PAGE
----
2.6. Olive Oil Extracts for Determination of Total Phenolic Content and for Antioxidant Assays

The oil samples (2 g) were added to 5 mL of a methanol/water (80:20, v/v) mixture in a centrifuge tube. After vigorous mixing, they were centrifuged for 25 min at 5000 rpm. The hydroalcoholic phase was collected, washed with 2 mL of n-hexane to remove the residual oil, and then concentrated under reduced pressure using a rotary evaporator at 35 °C. The issued phenolic fraction extracts (PFEs) were fully dried using a vacuum desiccator. The oil PFEs were dissolved in the methanol/water mixture to use them in the determination of total phenolic content and in antioxidant assays.

2.7. Total Phenols Content

The total phenol compounds of the oil’s phenolic fraction extracts (PFE), was determined by the Folin–Ciocalteu colorimetric assay [22]. Briefly, fifty microliter of the solutions containing different concentrations (5 mg mL−1, 3 mg mL−1, 1 mg mL−1, 0.5 mg mL−1, and 0.25 mg mL−1) oil’s PFE to be tested were added to 450 µL of deionized water, 500 µL of Folin-Ciocalteau reagent, and 500µL of 10% aqueous sodium carbonate solution. Samples were then maintained at room temperature for 1 h and absorbance was measured at 786 nm (UV-Vis Spectrophotometer, Shimadzu Japan) against blank containing 50 µL of the methanol (sample solvent). Gallic acid at different concentrations (300 µg mL−1, 150 µg mL−1, 75 µg mL−1, and 25 µg mL−1) was used as standard. The experiment was performed in triplicate and the results were expressed as µg gallic acid equivalents/mg of phenolic fraction extracts (µg GAE mg−1 PFE).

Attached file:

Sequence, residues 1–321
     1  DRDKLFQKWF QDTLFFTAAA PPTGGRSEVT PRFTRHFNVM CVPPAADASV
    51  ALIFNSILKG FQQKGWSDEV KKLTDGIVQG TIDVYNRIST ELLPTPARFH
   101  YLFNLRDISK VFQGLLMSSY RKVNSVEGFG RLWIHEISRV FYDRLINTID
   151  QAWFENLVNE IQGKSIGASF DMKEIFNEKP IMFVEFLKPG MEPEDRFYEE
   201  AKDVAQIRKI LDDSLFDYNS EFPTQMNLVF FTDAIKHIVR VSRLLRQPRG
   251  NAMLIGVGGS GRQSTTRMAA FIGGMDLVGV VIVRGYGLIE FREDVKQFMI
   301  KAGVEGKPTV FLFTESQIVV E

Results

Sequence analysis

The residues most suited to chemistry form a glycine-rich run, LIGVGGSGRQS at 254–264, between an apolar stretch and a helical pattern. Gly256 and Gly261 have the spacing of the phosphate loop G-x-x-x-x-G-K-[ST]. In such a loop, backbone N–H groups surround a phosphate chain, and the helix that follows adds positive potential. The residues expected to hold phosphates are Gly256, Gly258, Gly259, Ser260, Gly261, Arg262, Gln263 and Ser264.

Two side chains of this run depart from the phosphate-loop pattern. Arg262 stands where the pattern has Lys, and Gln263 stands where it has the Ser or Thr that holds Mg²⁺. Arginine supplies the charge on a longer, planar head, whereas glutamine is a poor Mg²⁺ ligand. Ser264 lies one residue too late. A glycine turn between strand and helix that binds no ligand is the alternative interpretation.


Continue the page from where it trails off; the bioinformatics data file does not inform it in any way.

2.8. Antioxidant Activity

2.8.1. 2,2-Diphenyl-1-Picrylhydrazyl Test

The free-radical-scavenging capacity of the oil’s phenolic fraction extracts (PFEs) was determined by the 2,2-diphenyl-1-picrylhydrazyl (DPPH) assay as reported in literature [23]. A volume of 1.5 mL of DPPH solution (100 mM in methanol) was mixed with 37.5 µL of various concentrations (87 mg mL−1, 60 mg mL−1, 50 mg mL−1, 45 mg mL−1, 30 mg mL−1, 25 mg mL−1, 10 mg mL−1, 5 mg mL−1) of oil’s PFE, or with methanol as control. After 20 min of incubation at room temperature, the absorbance was recorded at 517 nm with a UV-Vis spectrophotometer (Shimadzu, Japan). Results were expressed as mmol Trolox equivalents mg−1 of phenolic fraction extracts (mmol TE mg−1 PFE), using the calibration curve prepared with Trolox as standard using different concentrations (1.5 µg mL−1, 1 µg mL−1, 0.5 µg mL−1, 0.25 µg mL−1, 0.125 µg mL−1). Each determination was performed in triplicate.